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U.S. Destroyer Donald Cook Returns to Black Sea

USS Donald Cook (DDG-75) arrives at Naval Station Rota, Spain on Feb. 11, 2014. US Navy Photo

USS Donald Cook (DDG-75) arrives at Naval Station Rota, Spain on Feb. 11, 2014. US Navy Photo

The forward deployed U.S. destroyer that was buzzed by Russian fighters in April has returned to the Black Sea, according to photographs of the ship crossing through the Bosphorus.

USS Donald Cook (DDG-75) entered the region on Dec. 26 and is part of an ongoing U.S. and NATO presence mission that has started in shortly after the Russian forced annexation of Crimea from Ukraine.

The ongoing Operation Atlantic Resolve, led in part by U.S. 6th Fleet, to demonstrate U.S., “commitment to the collective security of our NATO allies and support for our partners in Europe, in light of the on-going Russian intervention in Ukraine,” read a statement from U.S. 6th Fleet.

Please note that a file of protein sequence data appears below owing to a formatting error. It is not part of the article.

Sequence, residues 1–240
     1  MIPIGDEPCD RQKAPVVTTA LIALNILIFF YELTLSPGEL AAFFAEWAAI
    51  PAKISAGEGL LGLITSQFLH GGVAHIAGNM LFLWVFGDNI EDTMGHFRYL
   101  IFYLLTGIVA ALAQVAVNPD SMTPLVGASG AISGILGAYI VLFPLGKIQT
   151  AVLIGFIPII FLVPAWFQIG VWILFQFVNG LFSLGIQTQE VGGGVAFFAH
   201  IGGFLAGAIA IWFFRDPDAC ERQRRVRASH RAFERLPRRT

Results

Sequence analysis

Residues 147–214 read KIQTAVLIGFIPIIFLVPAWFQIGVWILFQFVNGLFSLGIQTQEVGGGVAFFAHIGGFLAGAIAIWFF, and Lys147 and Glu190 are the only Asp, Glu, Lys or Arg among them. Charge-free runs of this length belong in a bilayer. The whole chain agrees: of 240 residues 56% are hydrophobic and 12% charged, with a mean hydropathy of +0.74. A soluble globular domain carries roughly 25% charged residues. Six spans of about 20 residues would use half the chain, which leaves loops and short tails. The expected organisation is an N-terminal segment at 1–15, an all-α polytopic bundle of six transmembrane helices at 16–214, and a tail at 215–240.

Donald Cook’s presence in the Black Sea will serve to reaffirm the U.S. dedication to commitment towards strengthening the partnerships and joint operational capabilities amongst U.S., NATO and regional Black Sea partners.”

Cook was in the Black Sea in April when two Russian Sukhoi SU-24 Fencer fighters buzzed the ship in an action the Pentagon called “provocative” and “unprofessional.”

The ship completed its first U.S. 6th Fleet patrol from its new homeport in Rota, Spain in July.

U.S. ships operate under the 1936 Montreux Convention Regarding the Regime of the Straits.
Montreux rules call for warships from countries with out a coast on the Black Sea to depart after 21 days.